International Mother Language Day is a worldwide annual observance held on 21 February to promote awareness of linguistic and cultural diversity and to promote multilingualism. First announced by UNESCO on 17 November 1999, it was formally recognized by the United Nations General Assembly with the adoption of UN resolution 56/262 in 2002. Mother Language Day is part of a broader initiative “to promote the preservation and protection of all languages used by peoples of the world” as adopted by the UN General Assembly on 16 May 2007 in UN resolution 61/266, which also established 2008 as the International Year of Languages. self-published source] The idea to celebrate International Mother Language Day was the initiative of Bangladesh. In Bangladesh, 21st February is the anniversary of the day when the people of Bengal fought for recognition for the Bangla language. It is also celebrated in West Bengal, India.
21 February was declared to be the International Mother Language Day by UNESCO in 1999. It has been observed throughout the world since 21 February 2000. The declaration came up in tribute to the Language Movement done by the Bangladeshis (then the East Pakistanis).
When Pakistan was created in 1947, it had two geographically separate parts: East Pakistan (currently known as Bangladesh) and West Pakistan (currently known as Pakistan). The two parts were very different to each other in sense of culture, language, etc. The two parts were also separated by India in between.
In 1948, the then Government of Pakistan declared Urdu to be the sole national language of Pakistan even though Bengali or Bangla was spoken by the majority of people combining East Pakistan (now Bangladesh) and West Pakistan (now Pakistan) The East Pakistan people protested, since the majority of the population was from East Pakistan and their mother language was Bangla. They demanded Bangla to be at least one of the national languages, in addition to Urdu. The demand was raised first by Dhirendranath Datta from East Pakistan on 23 February 1948, in the constituent Assembly of Pakistan.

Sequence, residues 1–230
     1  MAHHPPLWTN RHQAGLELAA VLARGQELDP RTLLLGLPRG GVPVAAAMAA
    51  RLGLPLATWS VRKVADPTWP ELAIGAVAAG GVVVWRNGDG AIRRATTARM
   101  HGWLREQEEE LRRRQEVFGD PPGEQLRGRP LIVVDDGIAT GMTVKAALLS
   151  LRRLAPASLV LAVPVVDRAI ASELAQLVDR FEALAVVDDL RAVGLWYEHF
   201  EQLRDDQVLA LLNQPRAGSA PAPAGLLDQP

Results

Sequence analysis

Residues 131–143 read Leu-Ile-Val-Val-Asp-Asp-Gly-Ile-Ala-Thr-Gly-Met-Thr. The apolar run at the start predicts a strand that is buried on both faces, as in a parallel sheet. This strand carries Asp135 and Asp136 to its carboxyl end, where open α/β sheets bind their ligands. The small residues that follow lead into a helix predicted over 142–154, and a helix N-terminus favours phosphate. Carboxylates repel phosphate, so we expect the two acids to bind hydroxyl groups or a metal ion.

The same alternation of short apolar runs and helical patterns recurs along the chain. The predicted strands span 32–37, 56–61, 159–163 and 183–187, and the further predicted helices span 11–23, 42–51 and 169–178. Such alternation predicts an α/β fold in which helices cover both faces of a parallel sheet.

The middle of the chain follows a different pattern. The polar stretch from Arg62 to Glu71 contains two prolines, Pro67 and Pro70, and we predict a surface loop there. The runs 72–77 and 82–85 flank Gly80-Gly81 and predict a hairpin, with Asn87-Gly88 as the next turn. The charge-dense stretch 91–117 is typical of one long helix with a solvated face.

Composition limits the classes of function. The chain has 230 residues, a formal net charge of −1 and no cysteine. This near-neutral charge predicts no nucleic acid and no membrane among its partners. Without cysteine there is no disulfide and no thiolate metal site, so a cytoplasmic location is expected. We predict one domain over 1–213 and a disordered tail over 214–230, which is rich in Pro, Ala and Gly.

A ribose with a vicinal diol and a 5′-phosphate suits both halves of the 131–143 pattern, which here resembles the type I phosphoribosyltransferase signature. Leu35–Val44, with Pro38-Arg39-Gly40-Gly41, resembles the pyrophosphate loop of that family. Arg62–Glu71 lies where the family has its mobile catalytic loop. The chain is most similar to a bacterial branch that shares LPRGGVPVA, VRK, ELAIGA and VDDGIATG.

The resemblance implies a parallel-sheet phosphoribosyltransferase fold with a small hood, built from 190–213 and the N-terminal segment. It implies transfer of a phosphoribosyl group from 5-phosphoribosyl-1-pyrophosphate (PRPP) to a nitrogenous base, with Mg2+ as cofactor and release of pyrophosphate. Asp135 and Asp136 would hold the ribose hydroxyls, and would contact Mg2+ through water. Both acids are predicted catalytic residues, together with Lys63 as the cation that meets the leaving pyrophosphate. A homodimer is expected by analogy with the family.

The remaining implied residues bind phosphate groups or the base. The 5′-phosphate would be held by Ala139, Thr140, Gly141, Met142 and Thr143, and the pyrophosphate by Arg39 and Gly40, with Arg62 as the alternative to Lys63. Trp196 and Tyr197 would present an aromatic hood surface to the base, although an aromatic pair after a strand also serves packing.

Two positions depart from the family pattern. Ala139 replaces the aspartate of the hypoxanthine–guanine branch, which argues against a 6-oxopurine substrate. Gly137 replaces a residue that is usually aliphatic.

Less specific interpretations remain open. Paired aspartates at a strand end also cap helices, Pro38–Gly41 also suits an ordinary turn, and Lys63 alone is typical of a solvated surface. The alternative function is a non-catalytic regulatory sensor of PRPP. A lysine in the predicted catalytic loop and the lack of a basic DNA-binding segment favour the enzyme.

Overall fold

To demolish the protest, the government of Pakistan outlawed public meeting and rallies. The students of the University of Dhaka, with the support of the general public, arranged massive rallies and meetings. On 21 February 1952, police opened fire on rallies. Salam, Barkat, Rafiq, Jabbar and Shafiur died, with hundreds of others injured. This is a rare incident in history, where people sacrificed their lives for their mother tongue.
Since then Bangladeshis celebrate the International Mother Language Day as one of their tragic days. They visit the Shaheed Minar, a monument built in memory of the martyrs and its replicas to express their deep sorrow, respect and gratefulness to them.
International Mother Language Day is a national holiday in Bangladesh. The resolution was suggested by Rafiqul Islam and Abdus Salam, Bengalis living in Vancouver, Canada. They wrote a letter to Kofi Annan on 9 January 1998 asking him to take a step for saving the world’s languages from extinction by declaring an International Mother Language Day. Rafiq proposed the date as 21 February to commemorate the 1952 killings in Dhaka during the Language Movement.”21st February – The International Mother Language Day”.
Languages are the most powerful instruments of preserving and developing our tangible and intangible heritage. All moves to promote the dissemination of mother tongues will serve not only to encourage linguistic diversity and multilingual education but also to develop fuller awareness of linguistic and cultural traditions throughout the world and to inspire solidarity based on understanding, tolerance and dialogue.
— From the United Nations International Mother Language Day microsite
Rafiqul Islam’s proposal was introduced in the Bangladesh parliament and in due course (at the behest of Prime Minister Sheikh Hasina) a formal proposal was submitted to UNESCO by the Government of Bangladesh. The process of shepherding the proposal through UNESCO’s regulatory system was undertaken by Syed Muazzem Ali, then Bangladesh ambassador to France and Permanent Representative to UNESCO, and Tozammel Tony Huq, his predecessor, who was then a Special Adviser to UNESCO Secretary General Federico Mayor. Finally on 17 November 1999 the 30th General Assembly of UNESCO unanimously resolved that “21st February be proclaimed International Mother Language Day throughout the world to commemorate the martyrs who sacrificed their lives on this very day in 1952.